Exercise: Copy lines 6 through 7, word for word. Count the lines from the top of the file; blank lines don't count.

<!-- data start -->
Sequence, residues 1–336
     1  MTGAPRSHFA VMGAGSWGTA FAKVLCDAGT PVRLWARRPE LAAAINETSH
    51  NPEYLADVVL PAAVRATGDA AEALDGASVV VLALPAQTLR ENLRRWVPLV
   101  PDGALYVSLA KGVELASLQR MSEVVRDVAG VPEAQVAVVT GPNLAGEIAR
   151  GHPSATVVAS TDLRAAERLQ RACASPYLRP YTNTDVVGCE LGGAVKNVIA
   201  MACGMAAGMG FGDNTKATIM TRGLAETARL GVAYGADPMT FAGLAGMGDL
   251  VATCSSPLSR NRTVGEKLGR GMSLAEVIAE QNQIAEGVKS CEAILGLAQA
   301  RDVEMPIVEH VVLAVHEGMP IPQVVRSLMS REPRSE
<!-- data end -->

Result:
   201  MACGMAAGMG FGDNTKATIM TRGLAETARL GVAYGADPMT FAGLAGMGDL
   251  VATCSSPLSR NRTVGEKLGR GMSLAEVIAE QNQIAEGVKS CEAILGLAQA